Skiing Collision Brings Criminal Charge


Janice L. Habuda
The Buffalo News
March 26, 2009

Collisions between people on ski slopes are relatively rare. Even more rare is the situation in which a Lancaster man has found himself: facing a criminal charge after a collision with a Kissing Bridge ski instructor, who suffered serious injuries.

Dominic Galasso, 25, was charged by state police with a misdemeanor count of reckless endangerment, stemming from a March 4 collision at Kissing Bridge with Carl Hensler, 64, of Fort Erie, Ont.

The head of security at Kissing Bridge told state police that Galasso was skiing in a “full tuck” position when he hit Hensler on Mistletoe, an intermediate slope, late that afternoon.

Hensler’s injuries included a broken arm, leg and nose. He remains hospitalized in a rehabilitation unit at Erie County Medical Center, where he has had two surgeries.

Galasso suffered a minor facial injury, according to state police.

What will unfold in Concord Town Court likely will set a precedent in New York State.

“To our knowledge, it is the first time,” said Michael Drmacich of the Erie County district attorney’s office, with whom state police consulted before charging Galasso.

The reckless endangerment charge carries a maximum penalty of a year in jail.

“We are still considering additional charges,” Drmacich added.

Given the risks associated with mountain sports, criminal prosecution stemming from slopeside collisions is a relatively new phenomenon. The first criminal conviction in a skier’s death occurred just nine years ago.

In 1997, a collision between an employee of Vail Ski Resort in Colorado and a visiting skier resulted in the visitor’s death. Three years later, the employee was convicted of criminally negligent homicide and sentenced to 90 days in jail.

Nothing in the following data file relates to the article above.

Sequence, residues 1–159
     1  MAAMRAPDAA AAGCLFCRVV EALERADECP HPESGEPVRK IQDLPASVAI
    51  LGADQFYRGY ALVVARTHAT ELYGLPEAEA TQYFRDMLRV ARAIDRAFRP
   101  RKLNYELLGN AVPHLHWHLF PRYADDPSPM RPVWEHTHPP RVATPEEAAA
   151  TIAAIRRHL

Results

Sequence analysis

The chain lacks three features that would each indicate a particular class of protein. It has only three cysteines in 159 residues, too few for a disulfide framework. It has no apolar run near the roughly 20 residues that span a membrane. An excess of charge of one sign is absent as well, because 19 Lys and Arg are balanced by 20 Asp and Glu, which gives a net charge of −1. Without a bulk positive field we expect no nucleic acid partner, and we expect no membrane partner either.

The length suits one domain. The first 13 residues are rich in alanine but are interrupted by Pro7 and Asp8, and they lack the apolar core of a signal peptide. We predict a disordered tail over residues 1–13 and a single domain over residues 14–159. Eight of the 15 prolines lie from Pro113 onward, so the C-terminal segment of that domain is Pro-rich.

Jim Chalat, a Denver-based lawyer whose firm handles lawsuits related to skiing accidents, said he filed a “friend of the court” brief in favor of the prosecution in that case.

“I argued to the court . . . that if we’re going to allow skiers to sue for negligence of other skiers, then when the reckless skier is acting recklessly . . . criminal charges could be brought,” Chalat said.

Prior prosecutions in Colorado related to collision-related skier deaths were resolved through plea bargains, Chalat said.

The 2000 conviction by an Eagle County District Court jury “is now a precedent that gives prosecutors a basis upon which they may make a prosecution for recklessness,” Chalat said.

Kissing Bridge uses its ski school to educate guests about slope etiquette and protocol, said Mark Halter, president. Further, New York State’s Skiing in Safety Code, enacted in 1989, is posted where tickets are purchased and printed on the tickets themselves.

“We try to identify reckless behavior,” Halter said. “We talk to people from time to time. We will warn them, remove [lift] tickets. We have confiscated season passes.”

People who spend a lot of time on the slopes inevitably find themselves in unsafe situations, said Patrick Stahl, vice chairman of Schussmeisters Ski Club at the University at Buffalo.

“I have close calls probably a couple of times a season,” said Stahl, who has been skiing and snowboarding for approximately 18 years. Stahl said he broke his wrist last season after colliding with a friend.

At the same time, safety rules and regulations, as well constant patrolling by ski and safety patrols make a difference, he said.

“I think that the mountains do the best job that they can. Just by going skiing, there’s an inherent risk [right] off the bat,” Stahl said.

Reached Wednesday at ECMC, Hensler declined to comment.